When they managed to win only one of five seats up for grabs in by-elections last summer, Tim Hudak’s tried to claim moral victory by noting they actually won the most votes in the five ridings combined.
As you can see, they did so by a fairly handy margin:
Total votes in five 2013 Ontario by-elections
In fact, if you look at all nine by-elections held since the 2011 campaign, you can see something similar. Despite having won only two of them (compared to four for the NDP and three for the Liberals), the Tories again come out ahead in popular vote:
Total votes in nine Ontario by-elections
Looked at one way, that’s a moral victory. Looked at a different way, it’s a nightmare scenario.
In this general campaign, the Tories probably have a chance to win more ridings than either the Liberals or the NDP. That’s because, other than downtown Toronto, the far north and a few other pockets, they’re competitive in pretty much every region.
But as we saw in those by-elections, in which the Tories came second in all seven ridings they didn’t win, there’s the potential for some serious inefficiency.
In those races, the PC candidate was runner-up to the Liberal in three suburban ridings, with the NDP barely registering. Meanwhile, the Liberal vote collapsed in four ridings in southwestern Ontario and one in the Niagara region, and the Tories wound up losing two-way battles with the NDP.
This is the point where we have to acknowledge that by-elections can be very poor barometers for general campaigns. They place more of a premium on local candidates and organization (which helps explain why the NDP managed to win the most seats of the three major parties despite the lowest share of the popular vote), turnout is unusually low, they offer opportunities for relatively meaningless protest votes, and so on.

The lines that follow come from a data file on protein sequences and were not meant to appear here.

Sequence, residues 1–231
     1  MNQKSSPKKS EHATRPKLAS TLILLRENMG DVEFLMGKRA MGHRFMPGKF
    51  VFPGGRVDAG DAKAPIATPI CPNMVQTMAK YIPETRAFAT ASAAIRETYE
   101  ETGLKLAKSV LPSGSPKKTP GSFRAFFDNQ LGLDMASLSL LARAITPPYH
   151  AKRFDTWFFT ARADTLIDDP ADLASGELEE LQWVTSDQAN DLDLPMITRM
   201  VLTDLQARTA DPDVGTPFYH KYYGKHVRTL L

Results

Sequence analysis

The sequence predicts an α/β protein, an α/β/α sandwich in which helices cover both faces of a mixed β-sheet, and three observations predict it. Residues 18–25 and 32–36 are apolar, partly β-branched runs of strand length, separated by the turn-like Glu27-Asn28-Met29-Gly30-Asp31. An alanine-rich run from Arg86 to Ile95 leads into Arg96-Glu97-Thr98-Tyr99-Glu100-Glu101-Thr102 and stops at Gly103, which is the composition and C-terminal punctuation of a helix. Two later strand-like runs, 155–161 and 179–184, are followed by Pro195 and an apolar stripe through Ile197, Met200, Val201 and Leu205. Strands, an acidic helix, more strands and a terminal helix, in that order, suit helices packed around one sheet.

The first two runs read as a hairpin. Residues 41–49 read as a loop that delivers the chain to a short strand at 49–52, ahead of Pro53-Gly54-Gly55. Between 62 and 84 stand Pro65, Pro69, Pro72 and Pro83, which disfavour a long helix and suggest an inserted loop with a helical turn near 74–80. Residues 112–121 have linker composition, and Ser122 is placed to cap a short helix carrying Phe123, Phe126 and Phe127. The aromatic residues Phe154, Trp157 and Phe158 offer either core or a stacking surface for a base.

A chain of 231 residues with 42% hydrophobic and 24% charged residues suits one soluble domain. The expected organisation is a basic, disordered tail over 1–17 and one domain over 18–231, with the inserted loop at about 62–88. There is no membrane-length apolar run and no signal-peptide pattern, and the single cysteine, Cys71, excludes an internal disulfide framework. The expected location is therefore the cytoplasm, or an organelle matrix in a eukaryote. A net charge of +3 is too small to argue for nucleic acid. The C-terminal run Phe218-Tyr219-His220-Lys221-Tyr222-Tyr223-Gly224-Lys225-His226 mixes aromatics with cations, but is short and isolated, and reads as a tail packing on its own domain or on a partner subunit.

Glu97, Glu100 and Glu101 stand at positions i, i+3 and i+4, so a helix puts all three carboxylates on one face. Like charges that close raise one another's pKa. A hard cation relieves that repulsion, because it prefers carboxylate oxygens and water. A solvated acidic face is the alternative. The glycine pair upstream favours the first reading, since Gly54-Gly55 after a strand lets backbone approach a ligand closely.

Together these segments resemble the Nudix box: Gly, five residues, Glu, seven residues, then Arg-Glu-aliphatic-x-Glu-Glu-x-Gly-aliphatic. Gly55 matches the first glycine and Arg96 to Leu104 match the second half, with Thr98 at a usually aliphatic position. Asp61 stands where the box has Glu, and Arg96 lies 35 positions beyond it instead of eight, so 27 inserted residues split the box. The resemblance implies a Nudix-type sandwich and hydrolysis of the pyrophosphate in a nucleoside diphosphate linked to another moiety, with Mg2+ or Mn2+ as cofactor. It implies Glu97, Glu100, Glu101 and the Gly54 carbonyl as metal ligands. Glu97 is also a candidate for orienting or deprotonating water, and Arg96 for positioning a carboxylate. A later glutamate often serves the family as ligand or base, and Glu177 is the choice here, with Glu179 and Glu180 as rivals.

That said, it’s not impossible to see some of the same phenomena repeating themselves. Talk to Liberals, and they’ll tell you they feel good about their chances of keeping most of their seats in the Greater Toronto Area and maybe even challenging a couple of Tory incumbents there – in part because they think they can get erstwhile New Democrats to vote for them. Meanwhile, the New Democrats are reasonably buoyant about their chances in southwestern Ontario, because they see the Liberal vote collapsing there and setting up winnable two-way contests between them and the Tories.
In other words, it’s not impossible that on June 12 there will be an awful lot of PC runners-up to join the seven of them from the past couple of years. It’s also conceivable that the Tories could win the popular vote, but not win the most seats.
To be clear, that’s not likely to happen. But as Mr. Hudak knows all too well by now, being competitive everywhere doesn’t necessarily count for much.